When the CGT did humanitarian work: Spanish children evacuated to France (1936–1939)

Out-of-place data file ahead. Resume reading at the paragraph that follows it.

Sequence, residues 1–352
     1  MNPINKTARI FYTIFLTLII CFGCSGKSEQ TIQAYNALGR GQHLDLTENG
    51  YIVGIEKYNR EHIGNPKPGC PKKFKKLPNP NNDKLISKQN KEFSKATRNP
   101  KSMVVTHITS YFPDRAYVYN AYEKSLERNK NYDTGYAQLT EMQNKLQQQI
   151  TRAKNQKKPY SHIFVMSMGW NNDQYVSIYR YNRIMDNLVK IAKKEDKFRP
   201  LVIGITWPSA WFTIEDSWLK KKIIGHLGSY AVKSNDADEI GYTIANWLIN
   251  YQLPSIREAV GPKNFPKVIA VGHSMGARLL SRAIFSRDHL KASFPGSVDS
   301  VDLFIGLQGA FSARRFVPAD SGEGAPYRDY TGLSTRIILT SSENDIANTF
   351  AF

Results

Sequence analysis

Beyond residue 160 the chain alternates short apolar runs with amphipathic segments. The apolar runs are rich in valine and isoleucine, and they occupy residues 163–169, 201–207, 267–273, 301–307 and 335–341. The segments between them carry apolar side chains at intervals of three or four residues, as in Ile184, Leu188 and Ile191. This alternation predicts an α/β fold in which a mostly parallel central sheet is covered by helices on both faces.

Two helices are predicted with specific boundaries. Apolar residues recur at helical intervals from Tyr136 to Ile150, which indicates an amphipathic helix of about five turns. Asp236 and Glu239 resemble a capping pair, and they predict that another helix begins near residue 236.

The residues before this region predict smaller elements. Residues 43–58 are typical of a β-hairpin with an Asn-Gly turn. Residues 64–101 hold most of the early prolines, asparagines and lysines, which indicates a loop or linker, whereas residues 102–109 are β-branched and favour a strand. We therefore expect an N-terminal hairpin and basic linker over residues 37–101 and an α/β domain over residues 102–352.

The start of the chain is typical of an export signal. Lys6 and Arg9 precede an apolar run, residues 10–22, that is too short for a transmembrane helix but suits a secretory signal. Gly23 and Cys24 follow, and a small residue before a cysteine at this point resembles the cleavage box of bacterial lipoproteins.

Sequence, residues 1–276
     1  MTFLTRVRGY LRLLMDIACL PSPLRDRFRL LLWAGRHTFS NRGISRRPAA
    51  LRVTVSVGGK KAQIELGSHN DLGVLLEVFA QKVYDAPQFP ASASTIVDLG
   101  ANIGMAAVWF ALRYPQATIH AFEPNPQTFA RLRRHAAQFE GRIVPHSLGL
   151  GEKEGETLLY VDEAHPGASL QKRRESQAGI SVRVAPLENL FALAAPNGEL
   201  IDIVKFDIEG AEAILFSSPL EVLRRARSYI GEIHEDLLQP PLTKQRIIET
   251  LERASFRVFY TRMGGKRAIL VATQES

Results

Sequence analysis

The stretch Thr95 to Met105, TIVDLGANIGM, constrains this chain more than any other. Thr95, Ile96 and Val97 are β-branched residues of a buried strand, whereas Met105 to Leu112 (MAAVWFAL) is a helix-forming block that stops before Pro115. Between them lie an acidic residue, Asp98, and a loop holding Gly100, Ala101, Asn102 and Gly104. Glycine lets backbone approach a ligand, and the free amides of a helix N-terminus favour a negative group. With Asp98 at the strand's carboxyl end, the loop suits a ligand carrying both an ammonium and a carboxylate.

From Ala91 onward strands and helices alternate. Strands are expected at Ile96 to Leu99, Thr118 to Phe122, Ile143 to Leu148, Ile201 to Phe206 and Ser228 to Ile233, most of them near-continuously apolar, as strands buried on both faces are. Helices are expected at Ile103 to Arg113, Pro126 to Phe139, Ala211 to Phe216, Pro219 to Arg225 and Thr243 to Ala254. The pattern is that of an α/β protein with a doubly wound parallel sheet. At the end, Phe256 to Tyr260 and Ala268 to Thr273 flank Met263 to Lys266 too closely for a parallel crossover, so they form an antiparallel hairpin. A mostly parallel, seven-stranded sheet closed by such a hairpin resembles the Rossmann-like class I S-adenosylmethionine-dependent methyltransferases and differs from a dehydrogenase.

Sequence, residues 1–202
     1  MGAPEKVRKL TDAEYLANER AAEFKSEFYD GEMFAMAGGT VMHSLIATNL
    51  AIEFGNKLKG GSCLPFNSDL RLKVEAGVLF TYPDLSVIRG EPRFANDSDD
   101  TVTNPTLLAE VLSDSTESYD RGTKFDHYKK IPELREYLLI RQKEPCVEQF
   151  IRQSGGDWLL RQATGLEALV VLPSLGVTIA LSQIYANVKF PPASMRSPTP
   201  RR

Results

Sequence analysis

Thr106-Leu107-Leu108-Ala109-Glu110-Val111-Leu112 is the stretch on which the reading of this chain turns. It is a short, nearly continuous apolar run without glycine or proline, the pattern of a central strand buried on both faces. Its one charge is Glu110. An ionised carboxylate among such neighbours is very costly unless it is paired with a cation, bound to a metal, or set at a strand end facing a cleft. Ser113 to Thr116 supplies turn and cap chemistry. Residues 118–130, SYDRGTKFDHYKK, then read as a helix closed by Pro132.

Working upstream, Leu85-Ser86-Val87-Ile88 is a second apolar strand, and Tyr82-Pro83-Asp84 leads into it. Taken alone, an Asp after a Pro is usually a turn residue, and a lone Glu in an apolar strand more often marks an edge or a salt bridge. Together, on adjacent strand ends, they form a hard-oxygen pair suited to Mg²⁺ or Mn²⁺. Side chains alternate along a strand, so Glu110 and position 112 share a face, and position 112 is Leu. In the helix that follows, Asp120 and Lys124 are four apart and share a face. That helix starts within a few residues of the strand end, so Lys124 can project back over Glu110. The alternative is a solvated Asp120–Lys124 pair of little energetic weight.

The French labor movement determinedly led the efforts to evacuate and receive Spanish children in France during the Spanish Civil War. The committee set up by the French General Confederation of Labor (CGT) was responsible for more than 10,000 children: that is, the majority of the 15,000 sent to France without their parents between 1936 and 1939. The aim of this article is to understand the motivations and resources of the involvement of the CGT in a cause that was, at first glance, rather remote from its agenda. It shows that this issue arrived at the right moment for a specific sector within the CGT, grouped around the secretary-general, which used child aid to offset the growing communist hold on the Aid Spain movement. The CGT then set up a reception network by converting the resources, practices, and structures of the labor movement. However, as its work relied on the insecure resources of the working class, this relief action was at risk in the event of an economic downturn or a political backlash, and could not withstand the repression that hit the French working class after the general strike of November 1938. The case of the CGT’s child aid scheme thus shows the advantages and limitations of humanitarian action, specifically when it is not carried out by a humanitarian organization.